The use of RINO has become so widespread that it can now include almost any Republican, including some of the most conservative stalwarts in the party. During just the past six months, the list of Republicans Trump has branded with the term includes Arizona Gov. Doug Ducey and “RINO Congressman Peter Meijer.” “Loser Liz Cheney” is a Republican-In-Name-Only. So is Sen. Lindsey Graham of South Carolina, former President George W. Bush and the entire Maricopa County Board of Supervisors. Rejection of Trump’s false claims of election fraud — or worse, a vote to impeach the former president — are common threads among those targeted by the former president for the insult.

On Friday, an independent expenditure committee supporting former Sen. David Perdue, Trump’s preferred candidate in the Georgia gubernatorial primary, began airing an ad featuring Trump calling Georgia Gov. Brian Kemp a “RINO governor.”

The term is now so ubiquitous, said James Dickey, the former chair of the Texas Republican Party, that it’s suffering from overuse.

“When a candidate uses that today against someone, I read that as a sign of desperation, that they don’t have the ability or the willingness to specify what they have a problem with, so they’re trying to just engender a sense that their opponent is not committed,” he said.

The impact, Dickey said, is “diminishing rapidly.”

It’s true that some uses of the term are more effective than others. Rory McShane, a Republican strategist, has tested RINO as an attack with Republican primary voters and found the line effective, but only when the opponent’s RINO-like behavior was explained — whether on immigration, gun control or any other issue.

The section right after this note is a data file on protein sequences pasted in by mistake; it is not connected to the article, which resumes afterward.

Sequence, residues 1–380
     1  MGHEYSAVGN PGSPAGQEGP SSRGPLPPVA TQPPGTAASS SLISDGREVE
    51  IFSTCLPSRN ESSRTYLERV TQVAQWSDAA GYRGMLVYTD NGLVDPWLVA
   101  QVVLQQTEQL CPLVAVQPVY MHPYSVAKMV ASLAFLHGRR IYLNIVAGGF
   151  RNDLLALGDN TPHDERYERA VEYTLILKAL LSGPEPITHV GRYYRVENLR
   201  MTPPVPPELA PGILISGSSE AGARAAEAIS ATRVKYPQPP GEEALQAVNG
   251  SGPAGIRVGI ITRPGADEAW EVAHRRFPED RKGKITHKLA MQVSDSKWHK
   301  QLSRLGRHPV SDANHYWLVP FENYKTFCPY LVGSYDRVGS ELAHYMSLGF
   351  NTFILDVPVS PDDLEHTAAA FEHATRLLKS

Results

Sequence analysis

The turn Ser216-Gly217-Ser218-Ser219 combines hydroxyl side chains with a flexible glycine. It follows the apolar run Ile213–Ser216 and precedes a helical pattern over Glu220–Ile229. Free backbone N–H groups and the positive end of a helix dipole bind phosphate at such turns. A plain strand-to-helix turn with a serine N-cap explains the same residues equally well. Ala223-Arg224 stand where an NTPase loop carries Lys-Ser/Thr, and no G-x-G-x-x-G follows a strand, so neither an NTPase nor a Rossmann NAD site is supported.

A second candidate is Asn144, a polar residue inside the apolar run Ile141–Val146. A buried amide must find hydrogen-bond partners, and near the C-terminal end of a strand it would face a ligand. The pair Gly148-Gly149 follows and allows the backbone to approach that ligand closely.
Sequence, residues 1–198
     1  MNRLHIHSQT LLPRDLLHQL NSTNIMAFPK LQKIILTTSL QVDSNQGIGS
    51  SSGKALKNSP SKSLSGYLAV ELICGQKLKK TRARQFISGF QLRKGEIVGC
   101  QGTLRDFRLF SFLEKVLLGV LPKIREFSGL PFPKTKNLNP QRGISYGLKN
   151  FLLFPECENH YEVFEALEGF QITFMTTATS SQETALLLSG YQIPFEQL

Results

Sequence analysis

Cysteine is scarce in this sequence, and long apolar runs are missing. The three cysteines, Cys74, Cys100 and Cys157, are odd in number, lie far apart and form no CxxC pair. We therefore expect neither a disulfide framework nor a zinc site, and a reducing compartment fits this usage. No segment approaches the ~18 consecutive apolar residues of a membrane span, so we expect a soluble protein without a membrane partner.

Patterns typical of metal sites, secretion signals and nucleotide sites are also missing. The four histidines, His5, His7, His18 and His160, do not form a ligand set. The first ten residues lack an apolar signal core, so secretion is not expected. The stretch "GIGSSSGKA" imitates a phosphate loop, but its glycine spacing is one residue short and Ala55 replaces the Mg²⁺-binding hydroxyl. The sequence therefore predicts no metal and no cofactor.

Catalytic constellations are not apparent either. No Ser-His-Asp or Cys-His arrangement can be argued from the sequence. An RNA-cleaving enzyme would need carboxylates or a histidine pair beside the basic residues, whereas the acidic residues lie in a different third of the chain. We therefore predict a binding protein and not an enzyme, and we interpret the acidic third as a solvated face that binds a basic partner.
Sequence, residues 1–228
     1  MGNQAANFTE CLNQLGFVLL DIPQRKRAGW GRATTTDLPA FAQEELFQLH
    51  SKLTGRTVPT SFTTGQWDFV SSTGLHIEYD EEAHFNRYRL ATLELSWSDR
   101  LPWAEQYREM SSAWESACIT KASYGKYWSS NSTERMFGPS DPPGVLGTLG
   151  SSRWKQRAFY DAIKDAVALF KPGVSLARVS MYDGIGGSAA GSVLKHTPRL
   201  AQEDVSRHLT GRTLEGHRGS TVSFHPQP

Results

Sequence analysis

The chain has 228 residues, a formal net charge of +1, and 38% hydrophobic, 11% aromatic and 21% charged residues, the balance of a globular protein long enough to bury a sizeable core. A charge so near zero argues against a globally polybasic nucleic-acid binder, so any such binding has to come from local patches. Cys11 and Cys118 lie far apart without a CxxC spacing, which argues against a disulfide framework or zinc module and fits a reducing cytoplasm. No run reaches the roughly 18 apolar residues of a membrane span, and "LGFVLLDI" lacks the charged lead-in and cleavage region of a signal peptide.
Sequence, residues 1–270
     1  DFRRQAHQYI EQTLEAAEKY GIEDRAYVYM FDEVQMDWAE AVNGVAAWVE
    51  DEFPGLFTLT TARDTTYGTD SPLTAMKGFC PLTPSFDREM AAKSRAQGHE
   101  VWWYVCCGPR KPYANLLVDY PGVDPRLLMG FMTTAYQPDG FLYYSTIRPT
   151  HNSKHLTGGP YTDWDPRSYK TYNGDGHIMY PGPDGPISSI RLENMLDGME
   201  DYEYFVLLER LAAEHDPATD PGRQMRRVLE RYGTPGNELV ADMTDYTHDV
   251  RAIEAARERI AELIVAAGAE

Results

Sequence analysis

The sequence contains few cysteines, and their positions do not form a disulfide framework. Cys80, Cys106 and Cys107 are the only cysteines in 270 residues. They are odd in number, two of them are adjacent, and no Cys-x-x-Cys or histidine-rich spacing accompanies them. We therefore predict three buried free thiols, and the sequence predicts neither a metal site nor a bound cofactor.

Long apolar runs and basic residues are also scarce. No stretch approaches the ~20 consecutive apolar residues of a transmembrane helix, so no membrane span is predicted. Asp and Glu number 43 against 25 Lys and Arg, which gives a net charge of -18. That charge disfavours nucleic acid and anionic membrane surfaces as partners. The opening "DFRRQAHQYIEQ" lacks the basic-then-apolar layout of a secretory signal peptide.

“You can’t just say this person is a RINO. Republican primary voters are anesthetized to that,” he said. “I think it’s become cliché. You have to explain how they’ve betrayed the conservative movement.”

Another Republican strategist who has poll-tested the effectiveness of RINO messaging came to a similar conclusion. He also found “Liz Cheney Republican” may be just as effective for a stand-in when RINO gets old.

For some Republicans, it already is. Inglis, a victim of the tea party wave in 2010, said he used to run in fear of being branded a RINO.

“It’s terribly effective,” he said. “It’s a claim of apostasy, it’s a claim of Benedict Arnold. You’re a traitor to the team, and that’s a powerful emotion.”

But the term is also, plainly, an exclusionary one. In the long term, said Inglis, it’s not a winning strategy to “have a party where we figure out who to kick out.”

As Trump and others continue to “throw people out of the party,” he said, “maybe they’re going to whittle it down to the point where all the folks who have had an attempt on their party membership rise up and say, ‘Wait a minute, maybe you’re the Republican-In-Name-Only.'”

If that happens, it likely won’t be soon. But the term may still wear out. In Wyoming, where the RINO sticker has been plastered on Cheney more consistently than almost anywhere else, Richard George, a former Republican National Committee member from the state, said he won’t vote for her reelection because of her handling of the Trump impeachment and its aftermath — not because her ideology is suspect.

Cheney is a “pretty conservative person,” he said, “and I won’t say she’s a RINO.”

“One of the biggest problems we have in the Republican Party,” George said, “is if you have an ultra-right conservative who has a slight disagreement with another Republican, it doesn’t matter if they’re in the same lane 90 percent of the time or 50 percent of the time, usually the term RINO gets thrown out there.”